The Problematic Reception of Derek Jarman’s Blue – Part 2 (Early Forms of Blue)

Part 1

The Reception of Blue in its Original Forms.

Blue in Written Form and Early Performances.

“The difference between formalist and realist philosophies is not in the possibility of affecting the spectator but in what the cinema ought to do, its prescriptive work.  Cinema either organizes the world or duplicates the experience of perceiving of it for the spectator.” (Staiger, 1992, p.51)

Though Blue is now most famous for being a piece of cinema, its initial creation came from quite a different area of art.  It was no doubt a project born from the raw materials of cinema but its early forms perhaps explain its disregard for cinematic formalism.  While at a screening for Jarman’s 1991 film The Garden, Jarman and actress Tilda Swinton performed the earliest form of Blue to the public, or at least to the press.  O’Pray describes the event;

“At a special AIDS benefit screening of The Garden at the London Lumiere cinema on 6 January, Jarman and Tilda Swinton put on a pre-screening event titled “Symphonie Monotone”.  They sat at a table on stage creating sounds by running their moistened fingers around the rim of wine glasses, as in the Last Supper sequence of The Garden, and recited passages from various writers on the theme of “blue”.  On the cinema screen was projected a 35mm film of a detail from an Yves Klein blue painting shot at the Tate Gallery.”  (1996, p.201)

Before this, the many words of Jarman’s appeared in book form in order for the director to express his full dismay at the treatment of homosexuals and AIDs sufferers in the media at the time.  Jarman’s books are the basis for the ideas found in Blue.  Guardian writer Laura Cumming even describes Blue as being closer to words than anything else stating:

 “For all of Jarman’s gifts as a visual artist, it may be that what one most appreciates are actually his words. The account of going blind in Blue, his mind ‘a naked light bulb in a dark and ruined room’, could hardly be more eloquent if he had filmed it. And Blue is all words after all: the screen, a pure Yves Klein blue for the entire 74 minutes, is no more than a hearth at which the audience gathers to listen.” (The Observer, March, 2008)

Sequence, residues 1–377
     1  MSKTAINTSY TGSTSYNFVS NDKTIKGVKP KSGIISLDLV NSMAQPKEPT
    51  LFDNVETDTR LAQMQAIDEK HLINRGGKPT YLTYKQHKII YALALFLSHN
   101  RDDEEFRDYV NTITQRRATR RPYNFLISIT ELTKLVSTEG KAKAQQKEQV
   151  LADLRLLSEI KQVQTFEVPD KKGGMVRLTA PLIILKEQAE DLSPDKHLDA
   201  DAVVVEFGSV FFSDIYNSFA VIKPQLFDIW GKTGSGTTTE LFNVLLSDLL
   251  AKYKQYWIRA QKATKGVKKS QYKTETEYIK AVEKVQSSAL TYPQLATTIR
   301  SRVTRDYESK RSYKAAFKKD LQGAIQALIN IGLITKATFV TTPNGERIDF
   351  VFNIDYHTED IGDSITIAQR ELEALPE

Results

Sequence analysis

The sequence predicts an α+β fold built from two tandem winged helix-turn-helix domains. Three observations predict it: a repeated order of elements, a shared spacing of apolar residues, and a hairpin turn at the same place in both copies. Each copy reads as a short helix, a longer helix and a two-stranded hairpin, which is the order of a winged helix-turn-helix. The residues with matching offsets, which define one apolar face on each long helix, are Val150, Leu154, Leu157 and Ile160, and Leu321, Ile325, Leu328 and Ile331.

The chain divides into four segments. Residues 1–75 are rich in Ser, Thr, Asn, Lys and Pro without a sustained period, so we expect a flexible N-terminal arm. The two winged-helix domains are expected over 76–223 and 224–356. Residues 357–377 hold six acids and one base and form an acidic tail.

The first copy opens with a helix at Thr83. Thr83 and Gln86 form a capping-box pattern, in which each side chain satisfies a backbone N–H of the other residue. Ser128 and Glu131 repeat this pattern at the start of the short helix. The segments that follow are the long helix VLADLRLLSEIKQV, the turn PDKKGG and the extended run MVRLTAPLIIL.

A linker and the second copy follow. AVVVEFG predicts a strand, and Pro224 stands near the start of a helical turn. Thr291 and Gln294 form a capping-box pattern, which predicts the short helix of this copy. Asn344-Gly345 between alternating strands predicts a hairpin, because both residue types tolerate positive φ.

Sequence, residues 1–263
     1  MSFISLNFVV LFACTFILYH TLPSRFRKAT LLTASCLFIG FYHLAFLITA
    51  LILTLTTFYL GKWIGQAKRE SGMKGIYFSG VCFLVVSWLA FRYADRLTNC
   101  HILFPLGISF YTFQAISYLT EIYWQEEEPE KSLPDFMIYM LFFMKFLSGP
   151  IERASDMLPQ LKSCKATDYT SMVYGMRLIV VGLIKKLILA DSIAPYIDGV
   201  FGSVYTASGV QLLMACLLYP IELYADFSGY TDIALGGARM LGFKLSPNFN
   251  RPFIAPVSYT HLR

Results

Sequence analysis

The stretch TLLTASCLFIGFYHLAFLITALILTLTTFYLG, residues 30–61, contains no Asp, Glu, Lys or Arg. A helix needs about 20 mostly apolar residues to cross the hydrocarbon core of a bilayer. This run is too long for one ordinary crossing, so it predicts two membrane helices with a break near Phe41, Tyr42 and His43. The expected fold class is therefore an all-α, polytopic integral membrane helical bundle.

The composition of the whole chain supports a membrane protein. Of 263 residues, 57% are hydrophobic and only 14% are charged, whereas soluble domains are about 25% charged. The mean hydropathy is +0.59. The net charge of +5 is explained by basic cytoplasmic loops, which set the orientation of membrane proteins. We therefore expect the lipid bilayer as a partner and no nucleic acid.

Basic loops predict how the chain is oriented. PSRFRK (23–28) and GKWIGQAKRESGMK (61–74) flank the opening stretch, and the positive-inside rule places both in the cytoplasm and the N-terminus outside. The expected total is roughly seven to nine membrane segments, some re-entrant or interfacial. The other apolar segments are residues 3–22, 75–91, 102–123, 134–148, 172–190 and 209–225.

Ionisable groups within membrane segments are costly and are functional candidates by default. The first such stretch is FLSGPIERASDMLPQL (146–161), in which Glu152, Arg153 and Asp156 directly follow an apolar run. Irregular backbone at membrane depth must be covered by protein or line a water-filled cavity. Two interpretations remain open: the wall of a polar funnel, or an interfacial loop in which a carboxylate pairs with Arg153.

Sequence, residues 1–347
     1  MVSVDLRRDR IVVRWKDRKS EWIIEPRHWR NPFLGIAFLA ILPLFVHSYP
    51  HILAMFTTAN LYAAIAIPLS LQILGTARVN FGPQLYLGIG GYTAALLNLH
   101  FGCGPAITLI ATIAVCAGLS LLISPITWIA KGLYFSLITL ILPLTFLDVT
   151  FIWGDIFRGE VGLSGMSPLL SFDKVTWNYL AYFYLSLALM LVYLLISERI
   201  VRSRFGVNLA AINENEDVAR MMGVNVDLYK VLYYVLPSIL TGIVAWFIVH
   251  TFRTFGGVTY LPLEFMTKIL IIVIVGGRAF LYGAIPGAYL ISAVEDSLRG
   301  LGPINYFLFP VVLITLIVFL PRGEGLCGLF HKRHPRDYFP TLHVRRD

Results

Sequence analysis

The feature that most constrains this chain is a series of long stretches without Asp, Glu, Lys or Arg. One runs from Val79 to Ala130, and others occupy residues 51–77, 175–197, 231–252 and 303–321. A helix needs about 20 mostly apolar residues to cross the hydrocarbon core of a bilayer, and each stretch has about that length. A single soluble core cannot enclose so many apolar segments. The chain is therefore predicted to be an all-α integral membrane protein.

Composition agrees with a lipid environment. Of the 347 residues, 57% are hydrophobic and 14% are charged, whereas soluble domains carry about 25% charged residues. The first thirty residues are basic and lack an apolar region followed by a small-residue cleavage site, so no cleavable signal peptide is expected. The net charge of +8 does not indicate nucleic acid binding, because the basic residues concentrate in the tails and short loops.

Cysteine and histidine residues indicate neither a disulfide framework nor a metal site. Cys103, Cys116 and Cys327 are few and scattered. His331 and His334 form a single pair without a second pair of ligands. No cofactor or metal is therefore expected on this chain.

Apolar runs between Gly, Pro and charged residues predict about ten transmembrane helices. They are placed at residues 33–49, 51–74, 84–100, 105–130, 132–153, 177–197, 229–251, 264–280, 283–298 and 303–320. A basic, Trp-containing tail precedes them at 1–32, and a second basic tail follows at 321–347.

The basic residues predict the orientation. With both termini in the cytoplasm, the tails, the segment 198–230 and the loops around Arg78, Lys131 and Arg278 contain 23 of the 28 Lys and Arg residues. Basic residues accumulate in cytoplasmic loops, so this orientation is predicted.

Considering that the work took two separate forms before coming into its own as a piece of cinema, it is perhaps telling of why its reception is so problematic; it is a creative collection of ideas that not only work in many mediums but a collection that openly challenges and subverts the accepted norms of those said mediums.  Jarman’s books, which contain many quotes taken and used in Blue, are extremely reactionary and critical.  Briefly glancing over his other past films, it’s surprising that the anger clearly felt doesn’t manifest into a cacophony of visual Technicolor but, for Blue, Jarman is showing dismay rather than the heated fury that is present in many of the sections omitted from his books.  “The blue colour field in Blue is offered as a denial, perhaps a transcending of his enthralment with the real.  It is such an extreme negation of his imagistic sensibility that is perhaps an instance of Freud’s notion that a feeling can be so intense that its only outlet is through opposite.” summarises O’Pray which questions the film in relation to the director’s previous, visually flamboyant work which even his writing seems polar too (1996, p.203).

Perhaps an avid reader of them would see the performance of Blue by Jarman and Swinton and even the film as too tame for the issues it is dealing with. “If an audience member believe Hitchcock directed The Birds or Bela Lugosi died during the filming of Plan 9 from Outer Space, the interpretative frame may be part of the pleasure of the film’s meaning for that viewer.”  argues Staiger and this same logic can be applied to Blue in all of its forms (1996, p.22).   Even at its most volatile, the film’s lack of visuals bring a sense of calm to the chaos that is going on within the film’s sound world.  Whether this calmness is apt or intended is debatable but its previous form seemed to hint at a similar melancholic calm.

The argument of induced blindness (which will be returned to several times) begins to rear its head, at least in regards to the piece’s initial creation.  Much has been said of the film’s desire to re-create Jarman’s encroaching blindness, yet these early germinations of the piece are in forms that actively deny a lack of visual stimulus (the written word, the dramatic stage recitals).  Perhaps this weakens the piece in its written and early performed versions and logically its audience receptions will greatly differ depending on which form they initially experienced first if any at all.   The “blindness” argument has been one often repeated but rarely deconstructed.  A good example is Cousins’ assessment of Jarman’s work summarising that “His themes were Englishness, Shakespeare, homosexuality, the barbarity of contemporary life and, eventually – in the revolutionairy Blue (UK, 1993), one of the most abstract films ever made, in which the screen remained a single colour throughout – the director’s own blindness and AIDS-related illness.” (2004, p.360).  There is an argument for this and sides of it will be used to show potential differences in reception thought it is ultimately a vague reading of the work.

Part 3.

Adam Scovell.

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